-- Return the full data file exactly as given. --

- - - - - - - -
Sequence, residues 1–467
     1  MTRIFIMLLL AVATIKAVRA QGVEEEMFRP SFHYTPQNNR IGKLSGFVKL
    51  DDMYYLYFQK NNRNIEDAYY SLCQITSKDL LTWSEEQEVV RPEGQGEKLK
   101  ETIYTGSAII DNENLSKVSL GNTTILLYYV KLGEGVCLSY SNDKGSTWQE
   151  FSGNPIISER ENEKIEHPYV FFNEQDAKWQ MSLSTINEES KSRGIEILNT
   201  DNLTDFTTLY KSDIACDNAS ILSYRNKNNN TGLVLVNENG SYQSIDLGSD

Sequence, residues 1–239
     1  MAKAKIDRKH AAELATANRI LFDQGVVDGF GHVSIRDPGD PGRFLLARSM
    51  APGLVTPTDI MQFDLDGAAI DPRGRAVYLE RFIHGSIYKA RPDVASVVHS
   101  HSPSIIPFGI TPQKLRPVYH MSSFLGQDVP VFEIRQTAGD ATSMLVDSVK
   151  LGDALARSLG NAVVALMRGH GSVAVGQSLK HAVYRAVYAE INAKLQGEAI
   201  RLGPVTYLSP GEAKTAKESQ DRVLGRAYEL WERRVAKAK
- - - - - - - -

Sequence, residues 1–467
     1  MTRIFIMLLL AVATIKAVRA QGVEEEMFRP SFHYTPQNNR IGKLSGFVKL
    51  DDMYYLYFQK NNRNIEDAYY SLCQITSKDL LTWSEEQEVV RPEGQGEKLK
   101  ETIYTGSAII DNENLSKVSL GNTTILLYYV KLGEGVCLSY SNDKGSTWQE
   151  FSGNPIISER ENEKIEHPYV FFNEQDAKWQ MSLSTINEES KSRGIEILNT
   201  DNLTDFTTLY KSDIACDNAS ILSYRNKNNN TGLVLVNENG SYQSIDLGSD

Sequence, residues 1–239
     1  MAKAKIDRKH AAELATANRI LFDQGVVDGF GHVSIRDPGD PGRFLLARSM
    51  APGLVTPTDI MQFDLDGAAI DPRGRAVYLE RFIHGSIYKA RPDVASVVHS
   101  HSPSIIPFGI TPQKLRPVYH MSSFLGQDVP VFEIRQTAGD ATSMLVDSVK
   151  LGDALARSLG NAVVALMRGH GSVAVGQSLK HAVYRAVYAE INAKLQGEAI
   201  RLGPVTYLSP GEAKTAKESQ DRVLGRAYEL WERRVAKAK